Illustration: Rebecca Zisser/Axios

Facebook plans to cut its greenhouse gas emissions by 75% in 2020 and power its worldwide operations solely with renewable energy by the end of that year, the company said Tuesday.

Why it matters: Data centers for major tech companies suck up lots of power — those operations accounted for the vast bulk of Facebook's 2.46 million megawatt-hours of electricity use last year.

  • That's enough to power over 228,000 average American homes, according to a back-of-the-envelope calculation using Energy Information Administration data on average residential power use.
  • Facebook, according to its website, was responsible for 979,000 metric tons of carbon dioxide equivalent last year, and roughly two-thirds came from powering data centers.

The big picture: Tuesday's announcement is the tech giant's first greenhouse gas target. And it expands on a prior pledge of getting 50% of its power from renewables, which the company says it reached last year.

  • It highlights the growing role of corporate procurement in driving expansion of wind and solar power, and tech industry giants are playing a major role. Renewable purchasing deals are at record levels this year.

More broadly, Apple announced in April that all its worldwide operations are now powered by renewables, the same month that Google said it met 100% of its worldwide power needs with renewables for the first time last year.

How it works: Facebook said it will use a variety of contracting methods, such as renewable energy tariffs and direct power purchase agreements, to meet its renewables target.

  • "All of the projects are additional and new. In other words, these projects would not be happening without the long-term financial commitment that Facebook has undertaken," spokeswoman Melanie Roe said.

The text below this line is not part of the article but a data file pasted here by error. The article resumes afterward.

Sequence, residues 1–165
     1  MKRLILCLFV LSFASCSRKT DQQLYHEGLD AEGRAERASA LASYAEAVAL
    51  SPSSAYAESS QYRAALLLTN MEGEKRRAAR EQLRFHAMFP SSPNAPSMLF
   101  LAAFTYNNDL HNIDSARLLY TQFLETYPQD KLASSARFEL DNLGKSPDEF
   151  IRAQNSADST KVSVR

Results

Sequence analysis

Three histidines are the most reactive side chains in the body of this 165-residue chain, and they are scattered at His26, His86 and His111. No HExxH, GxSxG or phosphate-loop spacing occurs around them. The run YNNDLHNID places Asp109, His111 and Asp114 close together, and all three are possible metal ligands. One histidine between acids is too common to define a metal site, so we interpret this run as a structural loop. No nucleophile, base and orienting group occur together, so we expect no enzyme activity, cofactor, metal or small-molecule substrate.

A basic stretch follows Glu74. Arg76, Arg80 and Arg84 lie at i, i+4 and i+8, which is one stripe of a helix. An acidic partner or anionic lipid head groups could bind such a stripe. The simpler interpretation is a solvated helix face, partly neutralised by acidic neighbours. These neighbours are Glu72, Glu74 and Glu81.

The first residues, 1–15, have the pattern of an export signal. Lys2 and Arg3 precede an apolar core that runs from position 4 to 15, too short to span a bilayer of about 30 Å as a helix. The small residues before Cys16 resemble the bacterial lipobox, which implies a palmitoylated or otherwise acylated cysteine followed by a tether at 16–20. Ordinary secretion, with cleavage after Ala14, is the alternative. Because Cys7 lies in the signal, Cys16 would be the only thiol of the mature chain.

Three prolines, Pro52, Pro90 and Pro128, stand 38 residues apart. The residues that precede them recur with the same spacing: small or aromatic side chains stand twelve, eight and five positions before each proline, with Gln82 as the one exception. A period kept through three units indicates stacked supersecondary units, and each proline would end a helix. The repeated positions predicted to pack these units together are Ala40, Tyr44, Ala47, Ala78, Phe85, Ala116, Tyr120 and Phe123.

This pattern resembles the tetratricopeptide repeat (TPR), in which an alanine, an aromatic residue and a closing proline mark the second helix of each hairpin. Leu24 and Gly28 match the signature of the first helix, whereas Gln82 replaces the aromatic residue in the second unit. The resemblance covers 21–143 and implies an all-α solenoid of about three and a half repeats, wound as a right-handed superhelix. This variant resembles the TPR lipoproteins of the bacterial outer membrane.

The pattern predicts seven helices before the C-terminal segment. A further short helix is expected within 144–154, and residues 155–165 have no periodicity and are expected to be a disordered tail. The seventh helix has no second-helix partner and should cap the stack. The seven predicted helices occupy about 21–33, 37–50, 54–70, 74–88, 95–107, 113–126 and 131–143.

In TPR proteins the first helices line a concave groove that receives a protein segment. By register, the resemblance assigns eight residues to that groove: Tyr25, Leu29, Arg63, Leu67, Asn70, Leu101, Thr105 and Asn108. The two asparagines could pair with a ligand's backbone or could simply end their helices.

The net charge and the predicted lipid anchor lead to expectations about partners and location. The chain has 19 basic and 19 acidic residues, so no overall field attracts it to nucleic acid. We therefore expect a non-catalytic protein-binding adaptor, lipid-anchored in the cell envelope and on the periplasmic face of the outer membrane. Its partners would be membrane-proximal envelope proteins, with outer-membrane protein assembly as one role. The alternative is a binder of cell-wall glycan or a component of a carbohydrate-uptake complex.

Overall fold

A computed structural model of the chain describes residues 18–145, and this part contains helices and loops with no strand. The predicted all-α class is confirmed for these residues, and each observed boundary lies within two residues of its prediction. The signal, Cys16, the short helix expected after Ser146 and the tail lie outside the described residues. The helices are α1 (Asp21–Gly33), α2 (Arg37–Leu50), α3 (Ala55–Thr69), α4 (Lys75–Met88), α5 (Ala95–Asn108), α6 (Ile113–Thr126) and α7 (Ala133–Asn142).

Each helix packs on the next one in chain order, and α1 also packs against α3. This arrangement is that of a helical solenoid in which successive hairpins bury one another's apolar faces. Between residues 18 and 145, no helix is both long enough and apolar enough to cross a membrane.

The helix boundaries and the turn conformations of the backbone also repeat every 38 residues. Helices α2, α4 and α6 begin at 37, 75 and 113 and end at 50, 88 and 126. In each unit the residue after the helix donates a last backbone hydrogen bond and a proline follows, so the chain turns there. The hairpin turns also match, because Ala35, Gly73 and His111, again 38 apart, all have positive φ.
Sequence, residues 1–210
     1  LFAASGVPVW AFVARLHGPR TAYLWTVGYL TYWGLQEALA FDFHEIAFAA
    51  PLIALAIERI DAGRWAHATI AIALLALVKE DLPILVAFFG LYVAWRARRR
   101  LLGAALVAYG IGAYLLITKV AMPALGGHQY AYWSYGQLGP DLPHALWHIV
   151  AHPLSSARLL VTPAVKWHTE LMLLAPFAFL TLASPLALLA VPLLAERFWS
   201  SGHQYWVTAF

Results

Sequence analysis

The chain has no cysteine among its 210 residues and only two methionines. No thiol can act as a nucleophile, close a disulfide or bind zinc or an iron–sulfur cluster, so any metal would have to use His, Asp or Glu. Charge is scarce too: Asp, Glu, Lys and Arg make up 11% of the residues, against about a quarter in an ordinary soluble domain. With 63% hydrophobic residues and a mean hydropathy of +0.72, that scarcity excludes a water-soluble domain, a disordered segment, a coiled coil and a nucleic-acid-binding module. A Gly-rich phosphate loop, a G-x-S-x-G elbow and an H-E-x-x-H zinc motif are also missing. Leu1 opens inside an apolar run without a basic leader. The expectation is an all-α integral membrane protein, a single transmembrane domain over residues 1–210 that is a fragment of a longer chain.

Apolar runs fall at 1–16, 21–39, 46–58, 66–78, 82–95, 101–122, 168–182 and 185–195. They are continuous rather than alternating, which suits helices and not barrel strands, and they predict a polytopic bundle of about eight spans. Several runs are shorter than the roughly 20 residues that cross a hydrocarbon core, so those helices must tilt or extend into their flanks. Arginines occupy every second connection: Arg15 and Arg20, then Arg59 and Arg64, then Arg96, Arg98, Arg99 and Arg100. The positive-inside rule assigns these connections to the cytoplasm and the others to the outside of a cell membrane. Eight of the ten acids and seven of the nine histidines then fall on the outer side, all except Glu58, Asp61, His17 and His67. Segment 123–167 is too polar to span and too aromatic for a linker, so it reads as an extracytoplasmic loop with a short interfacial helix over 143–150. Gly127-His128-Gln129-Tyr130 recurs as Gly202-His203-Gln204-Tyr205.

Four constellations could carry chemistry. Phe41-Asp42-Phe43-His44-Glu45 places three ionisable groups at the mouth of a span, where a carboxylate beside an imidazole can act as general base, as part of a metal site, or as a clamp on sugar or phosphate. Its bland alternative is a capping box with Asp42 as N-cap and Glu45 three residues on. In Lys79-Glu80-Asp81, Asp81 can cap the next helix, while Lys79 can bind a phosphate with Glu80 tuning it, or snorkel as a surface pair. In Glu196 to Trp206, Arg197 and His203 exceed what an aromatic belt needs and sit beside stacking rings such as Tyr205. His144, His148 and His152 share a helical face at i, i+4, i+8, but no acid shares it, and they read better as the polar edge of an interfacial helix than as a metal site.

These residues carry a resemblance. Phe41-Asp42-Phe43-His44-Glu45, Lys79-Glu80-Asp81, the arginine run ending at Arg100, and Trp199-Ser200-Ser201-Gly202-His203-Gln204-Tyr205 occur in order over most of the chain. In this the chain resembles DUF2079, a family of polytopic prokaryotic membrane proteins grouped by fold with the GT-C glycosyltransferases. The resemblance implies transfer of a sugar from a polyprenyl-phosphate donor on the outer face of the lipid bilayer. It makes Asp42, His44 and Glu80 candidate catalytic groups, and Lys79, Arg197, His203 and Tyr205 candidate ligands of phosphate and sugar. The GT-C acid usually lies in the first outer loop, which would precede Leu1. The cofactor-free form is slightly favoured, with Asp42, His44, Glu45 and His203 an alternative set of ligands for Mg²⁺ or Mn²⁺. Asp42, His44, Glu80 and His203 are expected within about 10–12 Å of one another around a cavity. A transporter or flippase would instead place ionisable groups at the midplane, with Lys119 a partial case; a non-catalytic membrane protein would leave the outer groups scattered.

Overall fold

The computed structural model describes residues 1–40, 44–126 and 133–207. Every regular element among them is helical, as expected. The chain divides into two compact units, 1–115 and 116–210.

• In one case, the company announced a deal with Pacific Power last month to build 437 megawatts worth of solar projects to supply an Oregon data center.

Go deeper: The corporate renewables surge.

Go deeper

Senate advances Amy Coney Barrett nomination, setting up final confirmation vote

Photo: Xinhua/Ting Shen via Getty Images

The Senate voted 51-48 on Sunday to advance the Supreme Court nomination of Judge Amy Coney Barrett, setting up a final confirmation vote for Monday.

Why it matters: It's now virtually inevitable that the Senate will vote to confirm President Trump's third Supreme Court nominee before the election, which is just nine days away.

Felix Salmon, author of Capital
2 hours ago - Economy & Business

Wall Street is living up to its bad reputation

Illustration: Sarah Grillo/Axios

Recent headlines will have you convinced that Wall Street is hell-bent on living up to all of its stereotypes.

Driving the news: Goldman Sachs is the biggest and the boldest, paying more than $5 billion in fines in the wake of the 1MDB scandal, in which billions were stolen from the people of Malaysia.

2 hours ago - Health

Ex-FDA chief: Pence campaigning after COVID exposure puts others at risk

Former FDA commissioner Scott Gottlieb said "the short answer is yes" when asked whether Vice President Mike Pence is putting others at risk by continuing to campaign after several aides tested positive for COVID-19, stressing that the White House needs to be "very explicit about the risks that they're taking."

Why it matters: The New York Times reports that at least five members of Pence's inner circle, including his chief of staff Marc Short and outside adviser Marty Obst, have tested positive for the virus. Pence tested negative on Sunday morning, according to the VP's office, and he'll continue to travel for the final stretch of the 2020 campaign.